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Upper & Lower Egypt


Upper & Lower Egypt


Back to Africa,  c. 3100 BC

Y-chromosome J1 & R1b

 
Haplogroup J1 - Haplogroup R1b

R1b1a2-V88, može se naći širom Europe u izuzetno malom postotku, s tim da je nešto značajnije zastupljena u južnoj Europi, prije svega na Apeninskom i Iberijskom poluotoku. Nešto značajniji postotak (do 4%) ova grana bilježi na Levantu, među Libancima, Druzima i Židovima, a najveće frekvencije dostiže među pojedinim narodima severne Afrike, sudanskim Koptima (15%), Berberima iz granične regije Egipta i Libije (23%), Hausa narodom iz Sudana (40%), Fulani narodima Nigera i Kameruna (54%), dok kod nekih čadskih plemena sjevernog Kameruna i Nigerije dostiže i nevjerovatnih 95%. Gotovo svi pripadnici grane V88 u Africi i Bliskom Istoku pripadaju podgrani Y7771, i visoki postotak među navedenim afrčkim narodima posljedica su naglog demografskog širenja ove podgrane u poslednjih 5000 godina. Grana V88 je među drevnim uzorcima do sada pronađena kod jednog mezolitskog lovca-sakupljača iz Ukrajine, i kod jednog neolitskog zemljoradnika iz Španije.


Kura-Araxes culture, c. 3400 - 2000 BC

DNA J1 & R1b - Early Bronze Ages


Kura–Araxes culture

We suggest;

Kura-Araxes culture (Early Bronze Ages) Y-DNA J1 & R1b

Preceded by; Yamna/Maykop culture

 

Metsamor

Medzamor' - Black swamp' or 'Black quicksand'

Excavations began at Metsamor in 1965 and are still in progress, led by Professor Emma Khanzatian.  The most recent excavation work occurred in the summer of 1996, along the inner cyclopic wall.  Excavations have shown strata of occupancy going back to the Neolithic period (7,000-5,000 BC), but the most outstanding features of the site were constructed during the early, middle and late Bronze Ages (5000-2,000 BC).  Inscriptions found within the excavation go back as far as the Neolithic period , and a sophisticated pictograph form of writing was developed as early as 2000-1800 BC. (1)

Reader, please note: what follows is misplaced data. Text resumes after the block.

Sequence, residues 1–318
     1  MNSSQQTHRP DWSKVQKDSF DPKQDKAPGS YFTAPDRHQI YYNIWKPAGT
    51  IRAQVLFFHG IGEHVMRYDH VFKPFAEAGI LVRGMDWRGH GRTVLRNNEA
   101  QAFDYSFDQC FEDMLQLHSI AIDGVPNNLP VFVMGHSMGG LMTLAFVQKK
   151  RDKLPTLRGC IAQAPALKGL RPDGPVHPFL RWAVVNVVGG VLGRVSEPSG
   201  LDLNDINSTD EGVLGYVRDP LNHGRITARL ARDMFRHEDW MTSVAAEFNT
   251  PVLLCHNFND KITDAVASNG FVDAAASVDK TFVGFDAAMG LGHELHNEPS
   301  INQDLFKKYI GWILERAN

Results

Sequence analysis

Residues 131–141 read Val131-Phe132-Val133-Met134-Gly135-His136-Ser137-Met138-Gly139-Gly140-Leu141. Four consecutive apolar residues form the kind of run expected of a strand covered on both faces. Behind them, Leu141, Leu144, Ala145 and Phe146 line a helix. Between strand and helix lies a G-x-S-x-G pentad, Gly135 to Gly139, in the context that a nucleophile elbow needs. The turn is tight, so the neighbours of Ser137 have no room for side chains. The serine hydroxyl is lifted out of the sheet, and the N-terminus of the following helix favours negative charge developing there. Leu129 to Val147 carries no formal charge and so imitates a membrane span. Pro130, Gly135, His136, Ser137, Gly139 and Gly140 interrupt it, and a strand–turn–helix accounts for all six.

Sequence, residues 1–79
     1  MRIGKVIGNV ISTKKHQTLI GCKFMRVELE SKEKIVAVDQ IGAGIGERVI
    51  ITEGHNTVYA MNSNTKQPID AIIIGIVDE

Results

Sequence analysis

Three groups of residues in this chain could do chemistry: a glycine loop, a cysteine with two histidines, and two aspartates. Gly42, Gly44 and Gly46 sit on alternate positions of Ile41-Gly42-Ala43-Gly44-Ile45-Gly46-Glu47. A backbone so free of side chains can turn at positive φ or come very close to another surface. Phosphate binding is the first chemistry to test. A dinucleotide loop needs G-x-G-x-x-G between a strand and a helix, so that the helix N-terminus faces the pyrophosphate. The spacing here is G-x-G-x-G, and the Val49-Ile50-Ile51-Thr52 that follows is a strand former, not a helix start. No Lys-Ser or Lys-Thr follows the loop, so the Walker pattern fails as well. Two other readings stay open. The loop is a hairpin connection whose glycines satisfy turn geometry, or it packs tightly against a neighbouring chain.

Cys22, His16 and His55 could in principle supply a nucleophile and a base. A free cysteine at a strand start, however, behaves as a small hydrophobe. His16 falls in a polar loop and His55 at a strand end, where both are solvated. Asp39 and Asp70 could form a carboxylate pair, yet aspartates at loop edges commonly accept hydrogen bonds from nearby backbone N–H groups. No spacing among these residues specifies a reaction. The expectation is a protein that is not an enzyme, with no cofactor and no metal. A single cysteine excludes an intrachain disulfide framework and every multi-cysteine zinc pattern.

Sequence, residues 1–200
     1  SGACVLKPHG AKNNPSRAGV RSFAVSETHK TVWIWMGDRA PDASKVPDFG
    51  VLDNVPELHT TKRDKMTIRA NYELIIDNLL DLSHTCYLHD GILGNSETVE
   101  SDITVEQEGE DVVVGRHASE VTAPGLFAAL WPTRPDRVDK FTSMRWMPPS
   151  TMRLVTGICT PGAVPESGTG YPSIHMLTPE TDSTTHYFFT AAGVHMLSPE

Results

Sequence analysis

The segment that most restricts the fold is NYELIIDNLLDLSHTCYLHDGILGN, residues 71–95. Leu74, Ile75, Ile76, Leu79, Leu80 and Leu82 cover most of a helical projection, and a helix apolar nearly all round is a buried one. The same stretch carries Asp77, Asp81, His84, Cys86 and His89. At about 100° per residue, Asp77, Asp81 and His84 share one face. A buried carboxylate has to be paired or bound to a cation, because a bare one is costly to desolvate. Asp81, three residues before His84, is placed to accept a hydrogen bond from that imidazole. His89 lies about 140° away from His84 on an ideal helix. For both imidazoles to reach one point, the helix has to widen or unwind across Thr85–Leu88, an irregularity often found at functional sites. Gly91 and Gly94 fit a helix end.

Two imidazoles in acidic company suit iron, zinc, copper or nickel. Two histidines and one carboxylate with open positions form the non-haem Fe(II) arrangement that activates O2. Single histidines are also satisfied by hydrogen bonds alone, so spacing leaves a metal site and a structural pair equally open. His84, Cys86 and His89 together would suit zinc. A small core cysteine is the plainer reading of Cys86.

Metallurgy

The excavation has uncovered a large metal industry, including a foundry with 2 kinds of blast furnaces (brick and in-ground).  Metal processing at Metsamor was among the most sophisticated of its kind at that time:  the foundry extracted and processed high-grade gold, copper, several types of bronze, manganese, zinc, strychnine, mercury and iron. Metsamor’s processed metal was coveted by all nearby cultures, and found its way to Egypt, Central Asia and China.  The iron smelting process was not advanced in Metsamor, probably due to the vast quantities of pure bronze alloys at hand, and Metsamor primarily mined and sold iron ore to neighbouring cultures which took better advantage of its properties. 

The Foundry

The foundry dates from the Early Bronze Age (ca. 4,000 BC) though recent digs in the area uncovered signs of metal processing as early as 5,000 BC.  The complex of smelting furnaces and moulds date from the mid Bronze to Early Iron Age (3,000-2,000 BC).  The complex becomes more astounding the more you walk through it.  Several huge underground caves were uncovered that are thought to have been storehouses for base metal, as well as a granaries for winter months.  Stretching just below and around the Upper Citadel, the foundries processed Copper, Bronze, Iron, Mercury, Manganese, Strychnine, Zinc and gold.  The first iron in the ancient world was probably forged here, though it was not considered as important as bronze, giving the jump on development to the Babylonians.